In close collaboration with the bishops’ conferences, the commission submitted for approval in stages revisions of 2,000 Latin texts and 300 newly composed prayers, a revised translation of the General Instruction, or introduction, to the sacramentary, and a new supplemental Pastoral Introduction, which took seven years and 15 drafts to complete. The work was approved by the bishops and sent to Rome in 1998 in hopes that it could be published during this Jubilee year.

Page, with respect to Rome’s suggestion that the commission’s executive structure has somehow become a rogue operation, says little except to lament that after quietly working for a decade, the commission found itself the target of a well-orchestrated polemic originating with traditionalists in the United States. Rome’s deference to these fringe groups against the commission and its sponsoring episcopal conferences remains one of the most troubling aspects of the present situation.

Gilbert Ostdiek offers the reader a fascinating inside look at the complex translation process, whose goal is not just fidelity to the original text but equal fidelity to the needs of the here-and-now assemblies that must gain access to the mysteries the prayers proclaim. Ostdiek’s review of the principles that have guided the commission is a spirited defense of the 1969 Vatican document Comme le prévoit, favored by Pope Paul VI but now seemingly destined for suppression by Medina.

Jesuit Fr. Keith Pecklers discusses the changing role of the liturgical assembly as the most visible manifestation of a dramatic shift in ecclesiology after Vatican II. An active assembly has replaced the passive audience, and this has accelerated the need for liturgical language and ritual to connect with and unify those who assemble. Pecklers documents the changing face of the church: “At the beginning of the 20th century, 80 percent of all Christians were whites living in the Northern Hemisphere; by the year 2020, however, 80 percent of all Christians will be ‘people of color’ living in the Southern Hemisphere.”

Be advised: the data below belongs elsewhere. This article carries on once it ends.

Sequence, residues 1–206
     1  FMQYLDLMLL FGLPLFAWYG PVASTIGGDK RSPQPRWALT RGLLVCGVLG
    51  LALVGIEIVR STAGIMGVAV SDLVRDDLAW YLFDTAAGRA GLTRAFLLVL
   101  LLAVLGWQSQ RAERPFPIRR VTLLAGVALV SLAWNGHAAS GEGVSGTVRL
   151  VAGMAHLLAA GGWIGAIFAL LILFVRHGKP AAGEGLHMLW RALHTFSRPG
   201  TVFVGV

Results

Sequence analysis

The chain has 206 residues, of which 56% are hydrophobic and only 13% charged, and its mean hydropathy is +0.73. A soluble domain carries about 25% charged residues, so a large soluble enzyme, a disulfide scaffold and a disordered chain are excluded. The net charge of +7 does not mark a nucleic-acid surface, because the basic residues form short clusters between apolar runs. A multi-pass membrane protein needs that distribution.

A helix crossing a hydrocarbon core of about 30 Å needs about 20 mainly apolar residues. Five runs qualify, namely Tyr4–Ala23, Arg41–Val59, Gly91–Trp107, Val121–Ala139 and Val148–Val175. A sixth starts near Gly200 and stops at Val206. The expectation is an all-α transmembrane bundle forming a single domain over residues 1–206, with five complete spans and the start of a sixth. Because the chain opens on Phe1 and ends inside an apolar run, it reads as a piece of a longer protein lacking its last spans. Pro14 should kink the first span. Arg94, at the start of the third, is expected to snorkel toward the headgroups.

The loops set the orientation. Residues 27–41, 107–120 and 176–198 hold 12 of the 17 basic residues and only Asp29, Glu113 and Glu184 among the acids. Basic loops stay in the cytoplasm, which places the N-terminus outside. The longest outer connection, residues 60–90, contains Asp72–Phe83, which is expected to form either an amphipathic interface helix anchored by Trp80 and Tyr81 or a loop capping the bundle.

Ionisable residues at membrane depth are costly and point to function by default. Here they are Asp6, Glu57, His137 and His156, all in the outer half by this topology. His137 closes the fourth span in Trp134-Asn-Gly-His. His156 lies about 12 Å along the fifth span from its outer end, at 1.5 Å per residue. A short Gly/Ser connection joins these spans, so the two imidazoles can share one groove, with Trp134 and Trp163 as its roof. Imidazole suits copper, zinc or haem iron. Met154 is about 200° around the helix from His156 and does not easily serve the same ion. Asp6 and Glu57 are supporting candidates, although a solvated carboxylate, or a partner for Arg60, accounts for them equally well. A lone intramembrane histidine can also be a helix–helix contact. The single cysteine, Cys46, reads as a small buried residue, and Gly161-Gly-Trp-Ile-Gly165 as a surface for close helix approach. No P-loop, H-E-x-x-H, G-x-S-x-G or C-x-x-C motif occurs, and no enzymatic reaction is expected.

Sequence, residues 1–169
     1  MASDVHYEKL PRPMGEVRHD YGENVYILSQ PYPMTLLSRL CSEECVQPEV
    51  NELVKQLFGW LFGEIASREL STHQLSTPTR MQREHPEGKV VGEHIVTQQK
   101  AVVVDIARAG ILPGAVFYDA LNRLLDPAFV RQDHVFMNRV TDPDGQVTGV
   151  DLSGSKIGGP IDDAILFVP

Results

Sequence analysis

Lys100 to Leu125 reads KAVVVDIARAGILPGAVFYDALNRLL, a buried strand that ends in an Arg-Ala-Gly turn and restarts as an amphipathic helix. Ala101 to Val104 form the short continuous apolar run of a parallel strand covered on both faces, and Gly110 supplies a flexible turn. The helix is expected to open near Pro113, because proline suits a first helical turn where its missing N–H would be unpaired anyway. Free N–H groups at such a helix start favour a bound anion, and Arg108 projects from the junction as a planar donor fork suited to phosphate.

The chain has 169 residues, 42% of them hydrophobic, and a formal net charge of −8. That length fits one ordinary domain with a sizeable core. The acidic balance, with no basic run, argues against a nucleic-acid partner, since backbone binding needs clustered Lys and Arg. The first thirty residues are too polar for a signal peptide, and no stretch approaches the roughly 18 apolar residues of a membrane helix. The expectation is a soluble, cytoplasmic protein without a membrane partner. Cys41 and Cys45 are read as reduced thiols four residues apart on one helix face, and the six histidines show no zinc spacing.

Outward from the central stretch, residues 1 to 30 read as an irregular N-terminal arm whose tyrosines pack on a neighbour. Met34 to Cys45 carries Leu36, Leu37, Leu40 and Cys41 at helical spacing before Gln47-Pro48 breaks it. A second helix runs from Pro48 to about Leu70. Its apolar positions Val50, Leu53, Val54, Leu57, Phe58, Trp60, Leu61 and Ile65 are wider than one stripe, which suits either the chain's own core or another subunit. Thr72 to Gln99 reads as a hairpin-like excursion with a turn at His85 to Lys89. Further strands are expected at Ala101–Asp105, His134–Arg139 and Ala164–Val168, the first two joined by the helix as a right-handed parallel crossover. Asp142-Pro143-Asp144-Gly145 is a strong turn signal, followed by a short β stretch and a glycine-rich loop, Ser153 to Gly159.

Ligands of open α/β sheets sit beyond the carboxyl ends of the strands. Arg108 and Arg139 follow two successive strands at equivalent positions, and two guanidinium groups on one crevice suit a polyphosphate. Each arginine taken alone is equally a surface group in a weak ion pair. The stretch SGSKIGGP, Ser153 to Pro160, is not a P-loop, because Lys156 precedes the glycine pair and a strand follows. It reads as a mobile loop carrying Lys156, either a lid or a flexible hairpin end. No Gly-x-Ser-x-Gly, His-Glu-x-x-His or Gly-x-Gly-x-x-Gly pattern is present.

Bishop Wilton Gregory of Belleville, Ill., Chupungco’s first doctoral student, remembers his teacher’s frequent invitation to view the world upside down by reminding them that the liturgical seasons favored Christians living in the Northern Hemisphere, where Christmas comes in winter, not summer, and Easter coincides with spring, not autumn. The image captures the challenge we in the North and West will face as the majority church locates to the East and South.

Margaret Mary Kelleher discusses the decision to compose new prayers for the sacramentary. As the church learns to pray in the vernacular, she writes, it is engaged in this self-realization as world church. This is therefore a process never complete, requiring a willingness to move constantly from past to future, to negotiate from one ecclesial reality to the next.

If history teaches anything, it is that an attempt to freeze-frame tradition can only endanger a dynamic process. If this were not so, the church would still be a Jewish sect using one of several Aramaic dialects as the only reliable link to its founder. It is evident from the New Testament that the primitive church accepted translation into the dominant Mediterranean languages and culture as necessary to the missionary mandate from Jesus himself. The genesis of the church was not a single event but an ongoing birth, whose ultimate extension is envisioned in the Pentecost account in Acts – people of every culture hearing the gospel proclaimed in their own language.

Kelleher’s analysis addresses not only the process of ongoing ethnic inculturation, but might apply as well to the deepest and most difficult inculturation of all, from one institutional generation and culture to the next, which requires acceptance of change as the essence of any living tradition – the word itself meaning to hand on, not to hold on. If the International Commission on English in the Liturgy is being brought to heel to halt this deeper agenda, it may well prove to be one of the most audacious attempts at cultural rollback in history. Self-actualization, invoked by an ecumenical council, is a door once opened that is not easily closed again.

The oft-invoked presence and counsel of Anscar Chupungco throughout the book serves to tie these and other helpful essays together thematically. He is also looked to as an exemplar of the kind of careful scholarship, fidelity to primary liturgical sources and generous openness to reciprocity that will be needed to resolve the current standoff over the Revised Sacramentary. Much is at stake for both the church and the modern world.

Patrick Marrin is editor of Celebration, NCR’s sister publication on liturgy.

National Catholic Reporter, April 14, 2000